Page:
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Gold and Black Illustrated Volume 28, Digital 5

Gold and Black is a multi-platform media company that covers Purdue athletics like no one else.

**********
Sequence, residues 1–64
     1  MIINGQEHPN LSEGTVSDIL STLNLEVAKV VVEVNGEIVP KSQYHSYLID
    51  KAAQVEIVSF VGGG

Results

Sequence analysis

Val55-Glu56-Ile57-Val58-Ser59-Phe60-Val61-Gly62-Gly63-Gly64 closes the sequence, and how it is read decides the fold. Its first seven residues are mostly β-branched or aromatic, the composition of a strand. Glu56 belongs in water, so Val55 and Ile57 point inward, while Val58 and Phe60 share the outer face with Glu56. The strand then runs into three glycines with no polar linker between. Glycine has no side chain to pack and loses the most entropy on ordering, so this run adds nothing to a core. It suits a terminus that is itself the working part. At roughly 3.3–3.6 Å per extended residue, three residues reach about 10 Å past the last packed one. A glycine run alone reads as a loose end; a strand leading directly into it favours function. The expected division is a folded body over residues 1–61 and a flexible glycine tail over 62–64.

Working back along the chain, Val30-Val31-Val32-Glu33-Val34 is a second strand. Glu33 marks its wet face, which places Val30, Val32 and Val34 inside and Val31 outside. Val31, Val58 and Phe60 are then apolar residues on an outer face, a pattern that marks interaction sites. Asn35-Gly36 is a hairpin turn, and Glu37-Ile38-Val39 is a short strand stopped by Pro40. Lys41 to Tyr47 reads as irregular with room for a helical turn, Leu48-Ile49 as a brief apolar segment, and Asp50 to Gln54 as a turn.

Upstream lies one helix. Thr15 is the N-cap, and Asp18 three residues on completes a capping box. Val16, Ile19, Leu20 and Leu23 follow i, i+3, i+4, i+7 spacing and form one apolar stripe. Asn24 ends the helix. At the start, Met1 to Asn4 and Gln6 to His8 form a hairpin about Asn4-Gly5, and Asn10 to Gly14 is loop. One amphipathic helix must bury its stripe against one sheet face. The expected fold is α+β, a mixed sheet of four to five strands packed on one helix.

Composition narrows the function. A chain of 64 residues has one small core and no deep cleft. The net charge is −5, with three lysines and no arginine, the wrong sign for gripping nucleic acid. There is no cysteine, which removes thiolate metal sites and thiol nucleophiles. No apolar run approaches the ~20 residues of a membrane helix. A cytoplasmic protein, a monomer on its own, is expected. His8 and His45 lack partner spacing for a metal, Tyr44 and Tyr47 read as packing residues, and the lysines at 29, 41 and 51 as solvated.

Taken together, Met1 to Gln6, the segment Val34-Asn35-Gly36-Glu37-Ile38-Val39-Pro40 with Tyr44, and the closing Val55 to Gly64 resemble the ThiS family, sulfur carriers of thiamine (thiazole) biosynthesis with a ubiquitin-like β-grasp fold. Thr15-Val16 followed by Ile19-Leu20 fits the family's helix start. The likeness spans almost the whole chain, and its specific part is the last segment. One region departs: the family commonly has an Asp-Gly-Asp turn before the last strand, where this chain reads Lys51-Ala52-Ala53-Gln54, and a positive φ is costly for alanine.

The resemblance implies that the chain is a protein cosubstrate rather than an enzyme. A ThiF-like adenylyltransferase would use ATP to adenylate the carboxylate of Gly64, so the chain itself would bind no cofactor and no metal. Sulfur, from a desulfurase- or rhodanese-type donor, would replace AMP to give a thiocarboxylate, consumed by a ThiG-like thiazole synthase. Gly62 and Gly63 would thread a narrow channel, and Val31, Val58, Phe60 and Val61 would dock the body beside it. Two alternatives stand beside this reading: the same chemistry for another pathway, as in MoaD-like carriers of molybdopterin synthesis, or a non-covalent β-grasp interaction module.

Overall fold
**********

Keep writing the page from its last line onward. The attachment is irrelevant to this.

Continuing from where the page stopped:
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GOLD AND BLACK ILLUSTRATED VOLUME 28, ISSUE 5 9 Sitting at his kitchen table earlier this year, Jermaine Al- lensworth couldn't believe what he was hear- ing. The former Purdue and Major League base- ball player thought he was being pranked by a former teammate. But rather, senior associate athletics director Tom Schott was on the phone tell- ing him he'd been selected as a member of the 2018 Purdue Hall of Fame class. "I had to make sure that I really heard what I heard," said Allensworth, who was a two-time All-Big Ten out- fielder for Purdue from 1991-93, then played four seasons in the MLB. "He said it again and left me speechless. It was kind of the last thing on my mind. I hadn't thought about it at all. "But it's a blessing. I feel very honored." Allensworth, who will be in In- dianapolis for the May 10 Hall of Fame ceremony, lives in Bloom- ington, Ill., with wife Susan, daughter Kaylee and son Jaden. Having never quite been able to break away from sports, Jermaine Allensworth works as an instructional baseball coach for youths and an IHSA basketball referee. Gold and Black: It's been 25 years now since you played at Purdue. How do you look back at your ca- reer as a Boilermaker and professionally? Allensworth: "I'm in an exclusive class. Everybody can't say they made it to The Show. I was blessed to get a scholarship to go to Purdue, and for the time that I was there I had really good teammates and good chemistry. It was a lot of fun and a great learning experience. I really enjoyed myself, my whole time playing baseball. For the most part. There was always times, like they call the 'Dog days of summer.'" Gold and Black: What stands out? Allensworth: "(Laughs). It's hard for me to forget ... well, like I said I had a lot of fun and we had a lot of good wins. "Two things significantly stand out: We had been try- ing to get Florida State on our schedule, but they never wanted to play us. We weren't 'good enough' for FSU. They finally decided they were going to play us, down there on spring break. We took care of them, and that's all I can say about it. We took care of them. That's on the positive note. "But on the negative side, we were in the Big Ten Tournament — and I just can not forget this — we were up 9-1 on Indiana in the bottom of the last inning and up 9-3 with two outs, and we ended up losing that game on a grand slam. It was like, 'Really, did that just happen?' The inning just went on forever. We couldn't get anybody out. The craziest thing. "I bring it up all the time to kids I work with." Gold and Black: As an exam- ple that anything can happen in baseball? Allensworth: "Absolutely. ... I use it as an example to stay with it. The old cliché that it's not over, 'til the fat lady sings. You keep clawing on the baseball field, that's why you play and play the game hard. You run balls out. You don't know if a guy is going to drop a ball, throw it somewhere, or an error. As long as you stay with it, anything is possible." Gold and Black: Are you happy to have stayed close to the game? Allensworth: "I am. It's been kind of hard for me to get away. I'm very passionate about the game, for as long as I remember. It's been hard for me to kick it. I've done sports for so long, and probably why I'm a basketball ref too, because I love basketball. It's a way to stay in touch with the game, watch kids grow, progress, get better. And on the same side, that's why I do the instruction. I like to see kids improve their skills, learn about the game and continue to work to get to where they want to go or where they want to go with it. It's been a good ride." — As told to Kyle Charters Boiler Index Gold and Black archives

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